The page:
5 wide receivers who look like a fit for the Detroit Lions in 2024 NFL Draft

Wide receiver doesn't land as a massive need for the Detroit Lions, but these five prospects fit the profile of what they might be looking to add to the position in the draft.
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The list of offseason needs for the Detroit Lions is rooted on the defensive side of the ball, namely cornerback, edge rusher and possibly defensive tackle. On the offensive side, guard and overall offensive line depth has a place on the list.

The Lions have all the pieces that made them one of the better offenses in the league the last couple seasons, and those same pieces will make sure they remain one of the best offenses in the NFL. But there's an angle, shared among some analysts, that says a big-bodied receiver who can make contested catches and be a red zone factor is a missing piece.

It's unlikely the Lions will take a wide receiver with their first-round pick (No. 29 overall), and they shouldn't. Even the second round (pick No. 61) would probably feel like a stretch to take a wide receiver. Third round (picks 73 and 92)? Maybe.

The Lions were reported to have had three formal meetings with wide receivers at the NFL Combine. They certainly fit a certain height profile.

Brian Thomas is widely regarded as a potential first round pick, so he would seem to be out of the conversation for the Lions and the formal meeting might not have been more meaninful than due diligence. Florida State's Keon Coleman, a Michigan State transfer who the Lions did not meet with at the combine, is also in the first round conversation and seemingly out of the Lions' range. Even if he wouldn't mind starting his pro career back in Michigan.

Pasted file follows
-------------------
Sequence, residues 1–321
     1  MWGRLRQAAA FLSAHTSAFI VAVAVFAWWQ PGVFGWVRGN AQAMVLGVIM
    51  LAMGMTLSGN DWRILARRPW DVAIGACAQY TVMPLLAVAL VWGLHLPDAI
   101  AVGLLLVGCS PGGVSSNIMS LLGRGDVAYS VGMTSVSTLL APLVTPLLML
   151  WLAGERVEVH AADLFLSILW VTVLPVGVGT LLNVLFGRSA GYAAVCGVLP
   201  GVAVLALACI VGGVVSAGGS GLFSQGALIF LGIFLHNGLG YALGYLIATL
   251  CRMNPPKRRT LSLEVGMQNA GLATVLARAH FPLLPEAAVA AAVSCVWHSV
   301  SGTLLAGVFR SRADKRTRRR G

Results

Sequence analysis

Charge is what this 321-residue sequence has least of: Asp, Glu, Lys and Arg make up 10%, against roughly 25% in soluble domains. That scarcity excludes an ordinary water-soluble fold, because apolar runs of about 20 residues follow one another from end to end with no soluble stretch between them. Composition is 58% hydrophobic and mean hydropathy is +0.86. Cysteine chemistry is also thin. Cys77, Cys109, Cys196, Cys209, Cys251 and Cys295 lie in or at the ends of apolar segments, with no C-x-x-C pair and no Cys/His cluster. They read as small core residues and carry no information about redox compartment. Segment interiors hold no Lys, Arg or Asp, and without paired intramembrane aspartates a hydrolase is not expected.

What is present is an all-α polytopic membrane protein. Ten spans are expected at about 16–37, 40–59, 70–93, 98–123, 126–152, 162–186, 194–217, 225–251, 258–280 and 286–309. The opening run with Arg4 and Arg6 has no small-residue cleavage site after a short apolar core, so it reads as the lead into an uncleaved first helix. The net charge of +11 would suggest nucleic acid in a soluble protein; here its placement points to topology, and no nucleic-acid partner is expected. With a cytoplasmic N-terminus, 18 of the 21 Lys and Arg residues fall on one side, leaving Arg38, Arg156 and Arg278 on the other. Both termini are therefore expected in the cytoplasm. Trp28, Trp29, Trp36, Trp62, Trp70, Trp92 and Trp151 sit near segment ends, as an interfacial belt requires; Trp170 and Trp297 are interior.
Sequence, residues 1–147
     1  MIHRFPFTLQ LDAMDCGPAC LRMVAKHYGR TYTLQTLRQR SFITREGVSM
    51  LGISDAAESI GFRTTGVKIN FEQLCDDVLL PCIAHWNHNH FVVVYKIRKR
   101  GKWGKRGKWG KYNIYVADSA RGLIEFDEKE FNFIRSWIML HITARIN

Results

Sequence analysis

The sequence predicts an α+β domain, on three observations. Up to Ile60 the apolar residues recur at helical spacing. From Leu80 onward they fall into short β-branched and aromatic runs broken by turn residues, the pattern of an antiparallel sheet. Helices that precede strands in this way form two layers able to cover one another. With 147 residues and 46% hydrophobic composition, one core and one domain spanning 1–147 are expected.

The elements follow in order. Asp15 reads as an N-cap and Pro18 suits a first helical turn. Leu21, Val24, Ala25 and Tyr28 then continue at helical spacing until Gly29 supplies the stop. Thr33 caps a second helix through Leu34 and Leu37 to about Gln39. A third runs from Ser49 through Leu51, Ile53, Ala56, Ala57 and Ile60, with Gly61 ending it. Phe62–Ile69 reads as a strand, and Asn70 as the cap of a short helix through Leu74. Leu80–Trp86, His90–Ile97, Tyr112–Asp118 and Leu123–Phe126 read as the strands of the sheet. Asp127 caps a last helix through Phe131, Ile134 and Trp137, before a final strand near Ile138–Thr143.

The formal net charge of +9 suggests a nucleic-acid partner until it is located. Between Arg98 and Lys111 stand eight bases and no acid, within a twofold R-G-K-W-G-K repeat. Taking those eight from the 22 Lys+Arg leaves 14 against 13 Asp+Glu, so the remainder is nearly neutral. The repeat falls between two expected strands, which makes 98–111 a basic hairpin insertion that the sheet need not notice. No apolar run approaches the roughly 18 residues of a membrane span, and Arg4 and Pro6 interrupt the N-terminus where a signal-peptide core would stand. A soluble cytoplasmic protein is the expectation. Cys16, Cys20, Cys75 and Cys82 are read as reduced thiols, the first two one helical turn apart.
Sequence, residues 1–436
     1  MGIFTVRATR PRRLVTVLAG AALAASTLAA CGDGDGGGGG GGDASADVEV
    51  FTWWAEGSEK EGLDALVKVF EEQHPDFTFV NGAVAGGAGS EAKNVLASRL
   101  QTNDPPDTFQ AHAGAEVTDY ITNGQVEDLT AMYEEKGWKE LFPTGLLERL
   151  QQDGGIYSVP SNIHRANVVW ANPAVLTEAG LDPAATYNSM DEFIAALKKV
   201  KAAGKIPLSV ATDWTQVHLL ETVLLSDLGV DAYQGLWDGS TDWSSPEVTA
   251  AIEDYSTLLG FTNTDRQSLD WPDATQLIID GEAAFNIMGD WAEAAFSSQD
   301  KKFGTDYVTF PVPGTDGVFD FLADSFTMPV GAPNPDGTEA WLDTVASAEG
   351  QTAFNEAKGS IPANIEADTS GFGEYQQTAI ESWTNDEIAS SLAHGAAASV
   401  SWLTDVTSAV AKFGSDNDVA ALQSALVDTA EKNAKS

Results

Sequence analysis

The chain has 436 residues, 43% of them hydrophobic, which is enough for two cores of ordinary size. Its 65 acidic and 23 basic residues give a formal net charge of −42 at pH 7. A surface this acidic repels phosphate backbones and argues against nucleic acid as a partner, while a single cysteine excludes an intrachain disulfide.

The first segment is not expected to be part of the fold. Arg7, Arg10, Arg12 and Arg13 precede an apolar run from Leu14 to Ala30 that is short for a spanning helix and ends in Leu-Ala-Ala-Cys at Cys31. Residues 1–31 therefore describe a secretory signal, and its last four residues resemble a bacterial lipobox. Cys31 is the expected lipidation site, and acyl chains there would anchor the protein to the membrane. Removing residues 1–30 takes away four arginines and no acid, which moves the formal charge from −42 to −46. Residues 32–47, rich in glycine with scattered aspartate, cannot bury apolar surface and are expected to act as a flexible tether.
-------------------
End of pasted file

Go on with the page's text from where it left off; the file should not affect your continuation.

These five wide receivers could be on the Lions' draft radar.

5 wide receivers the Detroit Lions could take in the 2024 NFL Draft

5. Adonai Mitchell, Texas

A Georgia transfer, Mitchell did well in his lone season at Texas (845 yards, 11 touchdowns). He is big (6-2, 205 pounds) faster than it was expected he'd be (4.34 40-yard dash at the combine). He profiles as an ideal "X" receiver at the next level, as NFL Network's Daniel Jeremiah suggested.

"Mitchell has outstanding size, toughness and polish for the position. He is deceptively fast because of his long stride. He has surprisingly good route polish for a bigger receiver. He understands how to change tempo, and he's clean getting in and out of breaks. It looks like he gets a little lazy at times on the back side of routes, assuming the ball is going elsewhere. Overall, though, Mitchell is an ideal X receiver. He can make plays when covered, and he's a real weapon in the red zone."

The question with Mitchell, especially now after he ran one of the fastest 40 time among wide receivers at the combine, is if he'll at be an option for the Lions. Otherwise, he'd be higher on this list. Mock drafts generally have him in the late first-round, early second round area, and his game tape pairs well with what he did athletically during on-field work in Indianapolis.

But maybe, against the grain a little bit, the Lions could considering trading up for Mitchell if he falls out of the first round. Or they could just take him at No. 29 if he's there.